My Muslim friends are all women-they are wives, mothers, daughters, sisters. They all live in Canada. Some of my Muslim friends were born in Canada, some are from Southeast Asia, while others are from Africa. My Muslim friends have all different colours of skin. Some are wealthy, while others came to Canada as refugees and just starting to make a new life here. Some have privileged backgrounds and are highly educated, while others have not had the opportunity to be educated and have had to flee from one war-torn area to another before being lucky to get a chance to come to Canada. Some work outside the home while others have the opportunity to be stay-at-home moms because their husbands have good jobs. They are a diverse group-some are boisterous, spunky, feisty, outgoing and silly while others are quieter, shy, reserved and serious. All are kind, cheerful and good friends. All put a high priority on education for all of their children.  All love Canada.

I have heard people lament about how refugees come to our country, get benefits and leech off our system. That has not been my experience. Yes, when people come to Canada as refugees they need some help at first. However, in my experience their goal is always to get a job as soon as possible. Not speaking English can be a hindrance to employment so my friends have enrolled in English classes, they ask me thousands of questions on pronunciation, grammar and spelling because perfecting English is very important to them and they find jobs they can work with minimum English skills. My friends have scrubbed toilets in office buildings at night, washed dishes in restaurants, and started baking and selling foods from their country of origin to customers who enjoy trying different foods. They did these jobs as soon as they could, before they could even speak English because contributing to society was so important to them, and they found a way to do so not matter what obstacles they faced.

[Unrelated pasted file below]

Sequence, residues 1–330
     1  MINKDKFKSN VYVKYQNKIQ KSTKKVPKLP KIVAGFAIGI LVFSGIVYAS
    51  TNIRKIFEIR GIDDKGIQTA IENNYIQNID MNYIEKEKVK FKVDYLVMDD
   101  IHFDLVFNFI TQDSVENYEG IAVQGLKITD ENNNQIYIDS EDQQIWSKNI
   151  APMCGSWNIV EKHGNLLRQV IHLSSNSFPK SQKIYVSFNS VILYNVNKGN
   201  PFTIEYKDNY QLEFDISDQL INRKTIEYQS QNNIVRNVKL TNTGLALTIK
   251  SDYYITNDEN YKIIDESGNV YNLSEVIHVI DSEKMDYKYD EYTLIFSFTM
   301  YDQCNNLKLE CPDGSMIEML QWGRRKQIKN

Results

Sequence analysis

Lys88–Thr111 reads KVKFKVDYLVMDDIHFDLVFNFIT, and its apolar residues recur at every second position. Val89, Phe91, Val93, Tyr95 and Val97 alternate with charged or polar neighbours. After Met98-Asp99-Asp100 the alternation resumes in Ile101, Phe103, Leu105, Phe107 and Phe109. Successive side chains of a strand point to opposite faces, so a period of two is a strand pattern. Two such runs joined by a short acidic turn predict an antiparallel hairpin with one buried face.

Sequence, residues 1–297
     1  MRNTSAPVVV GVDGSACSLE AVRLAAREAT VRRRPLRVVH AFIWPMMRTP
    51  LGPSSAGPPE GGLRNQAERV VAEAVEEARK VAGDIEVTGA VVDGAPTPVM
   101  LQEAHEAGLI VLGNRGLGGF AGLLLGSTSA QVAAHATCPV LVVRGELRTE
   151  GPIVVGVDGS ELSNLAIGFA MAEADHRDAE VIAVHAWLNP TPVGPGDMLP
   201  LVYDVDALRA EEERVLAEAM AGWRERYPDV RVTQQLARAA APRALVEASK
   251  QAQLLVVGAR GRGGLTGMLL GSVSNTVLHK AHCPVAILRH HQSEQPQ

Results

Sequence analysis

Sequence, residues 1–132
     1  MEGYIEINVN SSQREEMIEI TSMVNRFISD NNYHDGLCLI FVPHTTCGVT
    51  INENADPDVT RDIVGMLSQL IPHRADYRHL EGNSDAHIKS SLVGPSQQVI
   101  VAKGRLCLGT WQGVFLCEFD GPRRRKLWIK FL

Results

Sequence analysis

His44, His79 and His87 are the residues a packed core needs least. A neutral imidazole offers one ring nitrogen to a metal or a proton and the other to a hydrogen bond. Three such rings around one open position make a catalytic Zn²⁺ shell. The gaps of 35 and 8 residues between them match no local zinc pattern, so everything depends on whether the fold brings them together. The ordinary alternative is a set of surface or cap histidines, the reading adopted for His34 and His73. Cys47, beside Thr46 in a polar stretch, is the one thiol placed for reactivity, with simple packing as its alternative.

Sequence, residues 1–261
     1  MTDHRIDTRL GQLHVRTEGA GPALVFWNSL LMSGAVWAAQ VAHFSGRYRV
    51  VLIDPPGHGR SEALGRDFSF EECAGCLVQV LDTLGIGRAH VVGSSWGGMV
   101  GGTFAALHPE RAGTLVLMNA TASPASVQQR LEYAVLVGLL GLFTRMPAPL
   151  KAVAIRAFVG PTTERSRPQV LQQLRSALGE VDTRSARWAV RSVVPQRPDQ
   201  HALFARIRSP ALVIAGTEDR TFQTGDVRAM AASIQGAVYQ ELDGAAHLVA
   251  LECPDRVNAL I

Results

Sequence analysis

Another criticism I hear is that Muslims are coming to our country and wanting change our country. The recent Supreme Court case over wearing a niqab at citizenship ceremonies has been used as an example for people who claim this. However, these people are simply mistaken. Zunera Ishaq never tried to change the law. She simply said ‘I think Canadian law allows me to wear the niqab’. Our government disagreed with her and banned her from wearing it. She challenged their decision in court and our Supreme Court agreed that banning her from wearing it violated current Canadian law. Some may not like the look of a niqab…..but Canadian law was always on her side.